National policies, local priorities? International perspectives on central-local relations

Online Seminar:

22 November, 2-4pm, UK time


The UK government has introduced a multitude of different local and regional policy initiatives in England over recent years, with the regional structures of New Labour giving way to localism, the Northern Powerhouse and the post-Brexit levelling-up agenda. Together with the outdated and inadequate funding model for English local government, over a decade of austerity, and the recent cancellation or doubt hanging over levelling up, this flux has put councils in an uncertain position and made it difficult to plan ahead for the longer term. However, with a UK general election scheduled for 2024, change may be on its way, and now is the time to think about how central-local relations might develop in the future, and what the UK can learn from other multi-level systems.

This online seminar brings together a range of inspirational international perspectives to examine how central-local relations operate in other countries. It will stimulate thinking and debate about whether and how ideas from elsewhere might be applied in the UK to create a more effective and equitable system of intergovernmental relations, in which councils are better-placed to take decisions on behalf of their localities. Examples will come from Germany, Italy, Japan and the US, based on research carried out in each of these countries.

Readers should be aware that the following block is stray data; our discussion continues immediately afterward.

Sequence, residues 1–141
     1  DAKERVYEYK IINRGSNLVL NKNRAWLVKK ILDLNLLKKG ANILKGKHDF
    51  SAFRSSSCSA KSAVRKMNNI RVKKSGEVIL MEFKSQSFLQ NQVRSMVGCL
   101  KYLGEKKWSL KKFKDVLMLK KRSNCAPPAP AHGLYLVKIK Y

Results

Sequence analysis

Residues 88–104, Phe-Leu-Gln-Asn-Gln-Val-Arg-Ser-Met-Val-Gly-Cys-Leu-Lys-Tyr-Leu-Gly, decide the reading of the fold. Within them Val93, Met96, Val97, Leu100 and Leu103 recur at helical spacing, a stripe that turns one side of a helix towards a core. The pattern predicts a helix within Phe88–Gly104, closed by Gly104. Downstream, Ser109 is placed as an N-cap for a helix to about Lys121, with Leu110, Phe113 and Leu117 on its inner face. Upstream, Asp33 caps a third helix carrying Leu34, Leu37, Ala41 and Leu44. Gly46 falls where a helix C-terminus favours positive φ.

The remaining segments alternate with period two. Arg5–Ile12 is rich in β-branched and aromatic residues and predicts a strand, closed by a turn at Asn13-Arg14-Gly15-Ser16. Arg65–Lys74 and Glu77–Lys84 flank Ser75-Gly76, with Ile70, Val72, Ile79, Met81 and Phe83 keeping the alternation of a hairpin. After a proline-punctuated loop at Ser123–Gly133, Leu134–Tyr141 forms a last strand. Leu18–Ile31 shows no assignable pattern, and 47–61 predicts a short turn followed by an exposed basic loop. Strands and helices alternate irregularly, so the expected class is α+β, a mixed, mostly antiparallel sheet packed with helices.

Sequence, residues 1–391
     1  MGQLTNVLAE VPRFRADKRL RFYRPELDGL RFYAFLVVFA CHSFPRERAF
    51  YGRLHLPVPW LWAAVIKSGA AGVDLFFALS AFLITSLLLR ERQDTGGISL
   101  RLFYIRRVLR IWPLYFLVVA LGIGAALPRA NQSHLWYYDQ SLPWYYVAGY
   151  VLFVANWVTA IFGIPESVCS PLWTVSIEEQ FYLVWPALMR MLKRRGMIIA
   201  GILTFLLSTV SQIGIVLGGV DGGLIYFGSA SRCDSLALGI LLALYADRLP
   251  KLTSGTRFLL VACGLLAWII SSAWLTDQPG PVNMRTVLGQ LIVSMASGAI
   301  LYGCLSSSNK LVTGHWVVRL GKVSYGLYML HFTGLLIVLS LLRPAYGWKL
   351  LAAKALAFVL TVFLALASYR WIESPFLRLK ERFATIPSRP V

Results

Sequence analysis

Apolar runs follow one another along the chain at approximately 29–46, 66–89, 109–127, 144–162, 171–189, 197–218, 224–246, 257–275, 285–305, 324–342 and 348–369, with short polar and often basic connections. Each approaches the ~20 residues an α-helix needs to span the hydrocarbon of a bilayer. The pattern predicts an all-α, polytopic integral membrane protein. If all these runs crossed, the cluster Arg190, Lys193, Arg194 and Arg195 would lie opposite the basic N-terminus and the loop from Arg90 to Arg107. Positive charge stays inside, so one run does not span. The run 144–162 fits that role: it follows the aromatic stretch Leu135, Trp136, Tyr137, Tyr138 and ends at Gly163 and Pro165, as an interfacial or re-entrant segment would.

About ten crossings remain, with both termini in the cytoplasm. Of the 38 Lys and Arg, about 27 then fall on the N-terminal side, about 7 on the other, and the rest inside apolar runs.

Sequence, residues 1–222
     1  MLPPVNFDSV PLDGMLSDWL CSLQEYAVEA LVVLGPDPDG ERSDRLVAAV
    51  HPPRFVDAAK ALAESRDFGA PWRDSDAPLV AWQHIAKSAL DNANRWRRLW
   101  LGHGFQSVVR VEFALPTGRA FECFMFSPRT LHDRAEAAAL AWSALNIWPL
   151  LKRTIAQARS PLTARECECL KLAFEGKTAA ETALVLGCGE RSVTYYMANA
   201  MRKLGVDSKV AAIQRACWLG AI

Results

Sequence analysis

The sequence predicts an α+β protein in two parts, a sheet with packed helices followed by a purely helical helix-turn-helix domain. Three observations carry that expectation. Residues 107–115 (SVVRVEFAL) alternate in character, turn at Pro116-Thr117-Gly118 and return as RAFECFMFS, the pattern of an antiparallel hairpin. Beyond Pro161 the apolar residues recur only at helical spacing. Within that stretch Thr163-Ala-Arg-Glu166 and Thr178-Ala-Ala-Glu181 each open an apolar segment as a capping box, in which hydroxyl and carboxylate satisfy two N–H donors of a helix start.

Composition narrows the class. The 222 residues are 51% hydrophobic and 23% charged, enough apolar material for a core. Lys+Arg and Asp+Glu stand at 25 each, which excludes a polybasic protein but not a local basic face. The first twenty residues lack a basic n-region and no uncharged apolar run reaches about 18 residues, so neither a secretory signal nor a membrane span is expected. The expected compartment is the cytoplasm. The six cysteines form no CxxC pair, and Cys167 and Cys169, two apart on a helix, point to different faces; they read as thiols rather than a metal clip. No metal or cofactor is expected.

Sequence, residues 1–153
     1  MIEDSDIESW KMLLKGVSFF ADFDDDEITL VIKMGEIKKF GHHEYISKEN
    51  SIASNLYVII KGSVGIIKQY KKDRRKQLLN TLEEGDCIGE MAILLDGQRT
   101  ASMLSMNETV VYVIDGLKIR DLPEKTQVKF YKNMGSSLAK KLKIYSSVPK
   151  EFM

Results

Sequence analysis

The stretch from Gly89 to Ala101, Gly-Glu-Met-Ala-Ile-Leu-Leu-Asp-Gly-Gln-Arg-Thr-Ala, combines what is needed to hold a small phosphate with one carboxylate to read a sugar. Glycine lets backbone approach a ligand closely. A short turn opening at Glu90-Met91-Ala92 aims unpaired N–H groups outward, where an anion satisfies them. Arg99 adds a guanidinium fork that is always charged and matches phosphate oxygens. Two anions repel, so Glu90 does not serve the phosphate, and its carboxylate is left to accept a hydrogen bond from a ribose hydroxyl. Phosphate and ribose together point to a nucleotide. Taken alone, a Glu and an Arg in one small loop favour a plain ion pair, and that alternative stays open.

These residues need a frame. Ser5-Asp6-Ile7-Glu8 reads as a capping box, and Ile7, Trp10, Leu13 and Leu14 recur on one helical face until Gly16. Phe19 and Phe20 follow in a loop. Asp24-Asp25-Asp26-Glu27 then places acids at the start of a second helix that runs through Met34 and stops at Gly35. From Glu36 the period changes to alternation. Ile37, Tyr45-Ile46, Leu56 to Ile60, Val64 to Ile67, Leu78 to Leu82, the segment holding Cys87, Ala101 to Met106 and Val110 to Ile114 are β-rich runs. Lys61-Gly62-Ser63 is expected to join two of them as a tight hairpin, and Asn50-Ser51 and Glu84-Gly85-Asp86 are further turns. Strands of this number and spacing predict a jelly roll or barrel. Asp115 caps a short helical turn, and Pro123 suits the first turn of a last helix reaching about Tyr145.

Each of the following speakers will present for around 15-20 minutes, followed by questions and plenary discussion:

  • Greg Stride, Local Government Information Unit, UK: “What if local government were funded properly? Reflecting on forty years of the LGIU and where we could go next”
  • Elisa Kochskämper, Leibniz Institute for Research on Society and Space, Germany, and Utrecht University, The Netherlands: “Local government and the heat transition in Germany: intergovernmental interdependence and local autonomy”
  • John Provo, Virginia Tech University, US: “The Rebirth of Industrial and Place-based Policies in the US: A local and regional perspective”

Chair: Peter Eckersley

Online seminar